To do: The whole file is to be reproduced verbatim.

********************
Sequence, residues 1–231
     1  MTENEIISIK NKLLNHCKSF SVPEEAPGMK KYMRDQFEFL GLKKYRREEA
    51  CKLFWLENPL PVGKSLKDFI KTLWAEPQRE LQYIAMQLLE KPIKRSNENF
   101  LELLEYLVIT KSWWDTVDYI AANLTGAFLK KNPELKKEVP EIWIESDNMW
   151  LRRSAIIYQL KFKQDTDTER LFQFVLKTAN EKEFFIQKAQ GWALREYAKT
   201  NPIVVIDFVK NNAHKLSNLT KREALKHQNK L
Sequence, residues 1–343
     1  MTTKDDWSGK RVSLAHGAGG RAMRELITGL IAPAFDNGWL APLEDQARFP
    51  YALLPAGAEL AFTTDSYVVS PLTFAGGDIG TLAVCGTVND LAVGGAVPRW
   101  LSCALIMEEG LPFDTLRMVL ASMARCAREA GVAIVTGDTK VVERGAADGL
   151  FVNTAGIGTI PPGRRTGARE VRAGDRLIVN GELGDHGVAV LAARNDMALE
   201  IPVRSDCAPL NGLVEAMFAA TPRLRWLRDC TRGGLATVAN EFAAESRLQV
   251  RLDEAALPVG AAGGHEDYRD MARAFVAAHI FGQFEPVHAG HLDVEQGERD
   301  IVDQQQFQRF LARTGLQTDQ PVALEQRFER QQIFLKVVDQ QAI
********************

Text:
Sequence, residues 1–231
     1  MTENEIISIK NKLLNHCKSF SVPEEAPGMK KYMRDQFEFL GLKKYRREEA
    51  CKLFWLENPL PVGKSLKDFI KTLWAEPQRE LQYIAMQLLE KPIKRSNENF
   101  LELLEYLVIT KSWWDTVDYI AANLTGAFLK KNPELKKEVP EIWIESDNMW
   151  LRRSAIIYQL KFKQDTDTER LFQFVLKTAN EKEFFIQKAQ GWALREYAKT
   201  NPIVVIDFVK NNAHKLSNLT KREALKHQNK L
Sequence, residues 1–343
     1  MTTKDDWSGK RVSLAHGAGG RAMRELITGL IAPAFDNGWL APLEDQARFP
    51  YALLPAGAEL AFTTDSYVVS PLTFAGGDIG TLAVCGTVND LAVGGAVPRW
   101  LSCALIMEEG LPFDTLRMVL ASMARCAREA GVAIVTGDTK VVERGAADGL
   151  FVNTAGIGTI PPGRRTGARE VRAGDRLIVN GELGDHGVAV LAARNDMALE
   201  IPVRSDCAPL NGLVEAMFAA TPRLRWLRDC TRGGLATVAN EFAAESRLQV
   251  RLDEAALPVG AAGGHEDYRD MARAFVAAHI FGQFEPVHAG HLDVEQGERD
   301  IVDQQQFQRF LARTGLQTDQ PVALEQRFER QQIFLKVVDQ QAI